Approval Outlook for 2008

As I’ve noted in recent posts, the situation in 2007 was pretty rough for new drug approvals.  We saw an increase in approvable letters, and a decrease in the percentage of approval letters.  Will it get better in 2008?

I wouldn’t count on it.  Here’s why:

  • The Environment – There is still a huge appetite for risk aversion in this country.  The FDA recently formed a new advisory committee on risk communication in addition to the existing advisory committee it already had on risk.  The public focus is all on risk right now, even perhaps more than pricing.  When the public angst is so focused, policy makers respond – and that response is going to include further FDA reforms and much more oversight.
  • The Politics – Democrats in control of Congress are fully reacting to what I imagine they consider a lackluster job by the current Administration.  The FDA, and the industry by extension, are therefore the focus of a great deal of scrutiny.  In recent weeks, lawmakers have sent out letters that include inquiring into the conditions around an approvable letter for a specific drug and whether or not advisory committee members had a conflict of interest; a letter requesting information on the potential for a behind-the-counter (BTC) status for drugs; and a letter to examine whether or not Fast Track status has been given too freely to some products, meaning perhaps that safety has been sacrificed in the name of speed in the drug approval process.  Remember that in 2007 the concerns raised about Avandia safety were centered more in the halls of Congress than anywhere else.  The Avandia issue was more politics than science.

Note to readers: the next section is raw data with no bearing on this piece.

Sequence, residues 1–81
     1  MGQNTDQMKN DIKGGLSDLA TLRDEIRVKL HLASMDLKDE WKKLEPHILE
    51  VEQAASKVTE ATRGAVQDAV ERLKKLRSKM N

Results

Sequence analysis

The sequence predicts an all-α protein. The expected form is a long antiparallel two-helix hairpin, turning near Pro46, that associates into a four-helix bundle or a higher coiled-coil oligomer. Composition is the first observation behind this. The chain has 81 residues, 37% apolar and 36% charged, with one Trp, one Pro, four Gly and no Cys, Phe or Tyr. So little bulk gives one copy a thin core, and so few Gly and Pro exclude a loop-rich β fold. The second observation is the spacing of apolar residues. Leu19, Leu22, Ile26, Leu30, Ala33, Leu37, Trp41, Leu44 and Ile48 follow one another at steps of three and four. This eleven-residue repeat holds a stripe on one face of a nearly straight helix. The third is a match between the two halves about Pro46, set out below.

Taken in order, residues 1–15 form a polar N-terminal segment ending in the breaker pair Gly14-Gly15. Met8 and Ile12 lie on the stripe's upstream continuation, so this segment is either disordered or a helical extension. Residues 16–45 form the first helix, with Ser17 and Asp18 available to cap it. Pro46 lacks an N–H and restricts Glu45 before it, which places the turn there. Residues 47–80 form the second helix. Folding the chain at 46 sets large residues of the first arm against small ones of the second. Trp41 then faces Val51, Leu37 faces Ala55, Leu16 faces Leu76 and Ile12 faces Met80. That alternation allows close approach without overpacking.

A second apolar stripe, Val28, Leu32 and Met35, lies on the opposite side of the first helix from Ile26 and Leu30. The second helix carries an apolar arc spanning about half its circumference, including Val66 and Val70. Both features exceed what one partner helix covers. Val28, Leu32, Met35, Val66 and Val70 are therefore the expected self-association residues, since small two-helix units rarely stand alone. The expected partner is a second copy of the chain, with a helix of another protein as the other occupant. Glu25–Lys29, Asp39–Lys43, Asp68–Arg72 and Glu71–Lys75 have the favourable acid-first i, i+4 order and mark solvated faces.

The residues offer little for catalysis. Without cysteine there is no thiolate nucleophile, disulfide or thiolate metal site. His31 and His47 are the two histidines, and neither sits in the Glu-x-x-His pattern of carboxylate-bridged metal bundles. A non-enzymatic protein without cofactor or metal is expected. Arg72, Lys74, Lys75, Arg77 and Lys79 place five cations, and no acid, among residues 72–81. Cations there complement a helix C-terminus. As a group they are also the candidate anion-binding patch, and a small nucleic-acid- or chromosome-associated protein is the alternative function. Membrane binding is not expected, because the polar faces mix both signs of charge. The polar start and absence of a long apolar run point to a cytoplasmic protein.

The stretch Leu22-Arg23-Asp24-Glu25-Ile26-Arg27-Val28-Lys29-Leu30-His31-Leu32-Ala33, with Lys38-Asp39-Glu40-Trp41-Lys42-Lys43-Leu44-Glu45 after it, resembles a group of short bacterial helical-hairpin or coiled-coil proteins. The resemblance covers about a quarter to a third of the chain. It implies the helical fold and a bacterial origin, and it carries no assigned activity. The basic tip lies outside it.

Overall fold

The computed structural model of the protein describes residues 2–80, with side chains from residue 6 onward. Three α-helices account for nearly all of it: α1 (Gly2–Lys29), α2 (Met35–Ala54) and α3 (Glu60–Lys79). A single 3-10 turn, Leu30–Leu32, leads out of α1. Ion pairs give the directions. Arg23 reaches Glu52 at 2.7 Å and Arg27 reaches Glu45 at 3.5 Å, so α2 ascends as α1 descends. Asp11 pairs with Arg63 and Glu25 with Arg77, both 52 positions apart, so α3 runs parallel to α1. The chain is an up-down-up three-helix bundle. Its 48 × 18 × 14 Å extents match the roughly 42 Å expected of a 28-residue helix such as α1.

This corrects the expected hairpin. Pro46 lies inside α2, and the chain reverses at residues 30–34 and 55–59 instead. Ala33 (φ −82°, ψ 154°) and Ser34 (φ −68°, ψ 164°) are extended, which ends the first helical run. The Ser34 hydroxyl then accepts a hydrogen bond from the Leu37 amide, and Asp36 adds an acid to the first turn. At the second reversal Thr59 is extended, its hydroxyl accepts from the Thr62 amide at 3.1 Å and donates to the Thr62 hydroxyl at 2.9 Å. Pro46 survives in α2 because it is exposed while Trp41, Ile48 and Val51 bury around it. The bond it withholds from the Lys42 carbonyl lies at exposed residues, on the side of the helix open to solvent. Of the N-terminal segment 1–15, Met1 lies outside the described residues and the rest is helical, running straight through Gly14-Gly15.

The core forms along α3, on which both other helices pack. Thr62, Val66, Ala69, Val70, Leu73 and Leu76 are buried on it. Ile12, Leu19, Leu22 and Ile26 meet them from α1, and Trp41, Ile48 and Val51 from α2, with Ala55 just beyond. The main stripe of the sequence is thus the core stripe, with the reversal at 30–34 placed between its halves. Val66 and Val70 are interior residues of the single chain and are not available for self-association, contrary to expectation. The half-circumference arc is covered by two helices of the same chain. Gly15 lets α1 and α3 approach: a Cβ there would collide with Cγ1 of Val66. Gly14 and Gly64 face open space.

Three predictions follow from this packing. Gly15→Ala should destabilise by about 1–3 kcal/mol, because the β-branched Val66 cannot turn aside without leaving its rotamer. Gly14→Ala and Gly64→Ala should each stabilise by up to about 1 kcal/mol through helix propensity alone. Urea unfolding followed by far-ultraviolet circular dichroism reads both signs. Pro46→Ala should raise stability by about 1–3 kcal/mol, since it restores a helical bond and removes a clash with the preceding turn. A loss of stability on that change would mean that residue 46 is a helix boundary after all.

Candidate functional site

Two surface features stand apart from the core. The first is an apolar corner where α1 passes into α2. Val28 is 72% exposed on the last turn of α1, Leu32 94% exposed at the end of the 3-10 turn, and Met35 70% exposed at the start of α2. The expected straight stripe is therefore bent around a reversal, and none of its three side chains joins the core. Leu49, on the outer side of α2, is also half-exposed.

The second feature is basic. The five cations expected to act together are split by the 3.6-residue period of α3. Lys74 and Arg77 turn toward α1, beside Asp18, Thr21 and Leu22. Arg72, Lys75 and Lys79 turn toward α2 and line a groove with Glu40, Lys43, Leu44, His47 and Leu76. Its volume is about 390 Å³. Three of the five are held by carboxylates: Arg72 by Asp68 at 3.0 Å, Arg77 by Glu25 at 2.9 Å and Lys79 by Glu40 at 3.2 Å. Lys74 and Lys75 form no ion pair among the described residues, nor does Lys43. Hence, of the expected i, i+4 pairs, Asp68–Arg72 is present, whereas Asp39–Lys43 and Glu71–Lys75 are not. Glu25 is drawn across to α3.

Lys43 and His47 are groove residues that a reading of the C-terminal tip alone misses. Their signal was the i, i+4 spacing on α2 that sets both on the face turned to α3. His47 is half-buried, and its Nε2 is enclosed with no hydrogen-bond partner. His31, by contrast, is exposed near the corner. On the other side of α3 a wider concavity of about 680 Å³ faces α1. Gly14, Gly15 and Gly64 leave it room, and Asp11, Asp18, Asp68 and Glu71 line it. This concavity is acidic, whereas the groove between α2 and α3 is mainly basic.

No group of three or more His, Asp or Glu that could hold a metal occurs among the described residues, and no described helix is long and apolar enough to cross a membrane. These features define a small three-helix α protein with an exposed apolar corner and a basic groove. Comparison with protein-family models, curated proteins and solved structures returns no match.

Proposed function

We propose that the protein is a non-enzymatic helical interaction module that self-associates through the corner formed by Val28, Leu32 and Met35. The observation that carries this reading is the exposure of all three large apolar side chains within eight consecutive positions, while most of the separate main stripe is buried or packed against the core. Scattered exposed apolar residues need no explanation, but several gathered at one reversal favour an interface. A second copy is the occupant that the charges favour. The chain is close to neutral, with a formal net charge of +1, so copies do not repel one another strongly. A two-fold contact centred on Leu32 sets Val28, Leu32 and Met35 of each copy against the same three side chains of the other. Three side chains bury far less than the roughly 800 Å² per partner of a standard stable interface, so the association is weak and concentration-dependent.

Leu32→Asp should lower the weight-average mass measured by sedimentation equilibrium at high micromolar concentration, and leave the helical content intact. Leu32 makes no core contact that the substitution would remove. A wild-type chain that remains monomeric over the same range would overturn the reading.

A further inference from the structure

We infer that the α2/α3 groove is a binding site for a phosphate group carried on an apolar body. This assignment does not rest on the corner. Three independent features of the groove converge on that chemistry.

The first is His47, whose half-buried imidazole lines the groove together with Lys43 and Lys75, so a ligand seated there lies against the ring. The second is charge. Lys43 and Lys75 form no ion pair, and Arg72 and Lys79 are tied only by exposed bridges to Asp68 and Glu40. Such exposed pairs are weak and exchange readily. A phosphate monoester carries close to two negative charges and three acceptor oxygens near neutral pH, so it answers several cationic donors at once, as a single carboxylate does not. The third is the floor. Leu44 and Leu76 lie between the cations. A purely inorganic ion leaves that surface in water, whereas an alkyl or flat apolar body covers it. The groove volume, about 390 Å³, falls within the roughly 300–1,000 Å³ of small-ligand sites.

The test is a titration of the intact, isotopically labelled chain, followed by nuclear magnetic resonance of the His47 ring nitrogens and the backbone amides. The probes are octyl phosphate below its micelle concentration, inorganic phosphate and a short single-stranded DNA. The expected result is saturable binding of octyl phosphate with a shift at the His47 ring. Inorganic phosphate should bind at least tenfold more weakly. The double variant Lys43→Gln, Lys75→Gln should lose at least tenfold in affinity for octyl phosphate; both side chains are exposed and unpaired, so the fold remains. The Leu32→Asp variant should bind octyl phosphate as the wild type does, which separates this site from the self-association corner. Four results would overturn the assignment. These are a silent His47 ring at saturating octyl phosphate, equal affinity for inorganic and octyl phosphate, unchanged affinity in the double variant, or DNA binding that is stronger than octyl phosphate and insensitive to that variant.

• The Election Cycle – The campaign, now fully underway, for new nominees and an eventual election provides a wealth of opportunities for public discourse over the public angst about drug safety – from debates to conventions to acceptance speeches to more debates, etc. etc.  It will also provide a showcase for new reforms, some of which may slow down the drug approval process further in the perceived interest of enforcing better safeguards.

In short, there is no reason to believe that the situation of 2007 is going to blossom into something better in 2008.  For better times, I’d look to 2009. 

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